Slurping up Arizona

The Palomino and bitters from AZ Bitters Lab

I’ve always said that I haven’t actually been somewhere unless I’ve at least had a drink there. Call it the drink rule. So when I walked across the Hoover Dam from Nevada to Arizona a few years ago, sniffed the 110-degree air, snapped pictures of the marvelous curves created by both nature and man, and turned around, Arizona didn’t really count as a place visited, at least in my book, because it did not satisfy the drink rule (airport bars don’t count).

Fast forward to last Wednesday. No, I did not return to Arizona. Scottsdale, Arizona came to New York City—at least some of its culinary creations, that is. The Scottsdale Convention & Visitors Bureau and the Brandman Agency organized a cocktail party for media at the test kitchen of Saveur Magazine in midtown. The event featured offerings that creatively use many Arizona-based ingredients, and the bureau even brought along one of the city’s mixologists, Chad Elsner of Bourbon Steak Restaurant in Scottsdale. “Arizona is not just a flyover state anymore for cocktails,” he announced to the room of journalists and writers while he took a break from serving up palominos (his curiously smooth concoction of aquavit, Arizona honey, Arizona bitters from AZ Bitters Lab, lemon juice, and a dusting of li hing powder on the rim).

Arizona Stronghold and Page Springs Cellars wine

Local honey and bitters were not the only Arizona ingredients sloshing around in glasses. Arizona now claims over 60 wineries in various degrees of development, and bottles from several vintners were being poured at the bar, including offerings from Arizona Stronghold, a winery co-owned by Maynard Keenan from the metal band Tool. As I lifted up a glass of the winery’s 2011 Tazi—a white blend—I couldn’t help but recall Keenan yelling “Why can’t we not be sober?” in the chorus of the most well known track off the band’s 1993 album Undertow. But the offering in my hand was far from aggressive. It even went well with the evening’s samples of grilled cheese with lobster (obviously not a local species from landlocked Arizona, but I’ll forgive the state). The 2011 Tazi’s fragrant floral scent was accompanied by delightful citrus zest and melon notes, perhaps owing to its combination of such grapes as reisling, chenin blanc, and—surprise—malvasia (successfully breaking out of the boring ol’ chardonnay-only rut that too many American wineries voluntarily fall into). A few weeks ago, I was in Croatia and Slovenia, where malvasia is the hometown grape of the Istrian peninsula. Previously, I’d never heard of malvasia harvested in the States. Who knew it has been happily growing 5,000 feet above sea level in central Arizona for a least a decade?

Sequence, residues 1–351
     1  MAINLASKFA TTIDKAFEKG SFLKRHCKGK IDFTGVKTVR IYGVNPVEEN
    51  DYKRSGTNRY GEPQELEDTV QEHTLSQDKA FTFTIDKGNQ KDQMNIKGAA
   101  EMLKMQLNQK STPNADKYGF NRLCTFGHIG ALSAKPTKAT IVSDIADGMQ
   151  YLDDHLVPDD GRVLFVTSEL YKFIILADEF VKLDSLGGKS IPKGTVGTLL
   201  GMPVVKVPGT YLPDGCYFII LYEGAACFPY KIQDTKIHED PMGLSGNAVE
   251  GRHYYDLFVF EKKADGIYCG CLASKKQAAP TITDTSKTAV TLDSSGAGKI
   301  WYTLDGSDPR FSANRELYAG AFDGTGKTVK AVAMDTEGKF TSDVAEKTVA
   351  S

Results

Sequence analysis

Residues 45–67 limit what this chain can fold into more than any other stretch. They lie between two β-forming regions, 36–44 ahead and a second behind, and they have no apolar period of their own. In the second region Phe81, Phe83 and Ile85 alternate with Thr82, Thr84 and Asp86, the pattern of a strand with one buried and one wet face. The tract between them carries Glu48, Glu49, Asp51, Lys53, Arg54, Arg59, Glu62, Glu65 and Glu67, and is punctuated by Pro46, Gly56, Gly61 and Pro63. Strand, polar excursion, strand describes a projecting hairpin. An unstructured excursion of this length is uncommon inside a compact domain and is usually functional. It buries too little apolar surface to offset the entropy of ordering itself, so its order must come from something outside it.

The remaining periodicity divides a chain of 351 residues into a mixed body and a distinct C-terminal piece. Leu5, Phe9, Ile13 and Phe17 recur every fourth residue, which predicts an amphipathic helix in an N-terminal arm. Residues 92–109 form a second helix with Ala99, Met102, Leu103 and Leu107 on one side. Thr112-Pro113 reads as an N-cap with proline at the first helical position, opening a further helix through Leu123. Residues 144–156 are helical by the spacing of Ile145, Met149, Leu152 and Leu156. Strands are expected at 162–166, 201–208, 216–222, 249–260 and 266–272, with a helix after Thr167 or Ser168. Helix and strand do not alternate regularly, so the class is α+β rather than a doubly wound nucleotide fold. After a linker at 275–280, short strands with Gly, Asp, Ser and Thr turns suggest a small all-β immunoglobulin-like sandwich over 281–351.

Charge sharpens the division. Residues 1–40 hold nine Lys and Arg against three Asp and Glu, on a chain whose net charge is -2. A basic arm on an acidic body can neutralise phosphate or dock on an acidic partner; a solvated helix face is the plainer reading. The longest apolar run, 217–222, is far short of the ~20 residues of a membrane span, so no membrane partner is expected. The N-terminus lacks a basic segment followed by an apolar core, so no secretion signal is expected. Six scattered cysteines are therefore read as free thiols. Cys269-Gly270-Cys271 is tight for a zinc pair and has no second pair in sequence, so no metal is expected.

Page Springs Cellars mourvedre wine, aged in Arizona oak

Many other practices of Arizona’s young wine industry are much less than a decade old. The magazine Arizona Vines & Wines only celebrated its fifth anniversary this month. Noticing my interest in his wine stock, the bartender reached down and lifted up a hand-inscribed bottle and said, “This wine is so new, it doesn’t even have a label yet.” I’d call that an effective hype-building technique. The wine turned out to be the latest offering from Page Springs Cellars, a mourvedre aged in Arizona-grown oak barrels, a daring departure from the industry-standard French oak barrels. Owner Eric Glomski indicated that the experimental wine is currently “brash and young” and will soften up when it is barrel-aged another year, at which time it will be officially bottled (with labels, of course), according to the information sheet provided to attendees. I found that the wine was indeed a little too rugged and toasty, but I’d be interested to see how Arizona wine ages in Arizona oak. I’ll just have to wait a year to find out.

So did my experience last Wednesday finally fulfill the drink rule? I don’t think so. But at least I know what I will order the next time I visit Arizona, hopefully sooner than later.

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About OmnivorousTraveler

Darrin DuFord is a travel writer, mapgazer, and jungle rodent connoisseur. His writing has won numerous awards and has appeared in The San Francisco Chronicle, BBC Travel, Gastronomica, Roads & Kingdoms, Narratively, and Perceptive Travel, among other publications. He is the author of Breakfast for Alligators: Quests, Showdowns and Revelations in the Americas (released in July 2016) and Is There a Hole in the Boat? Tales of Travel in Panama without a Car, silver medalist in the 2007 Lowell Thomas Travel Journalism Awards.
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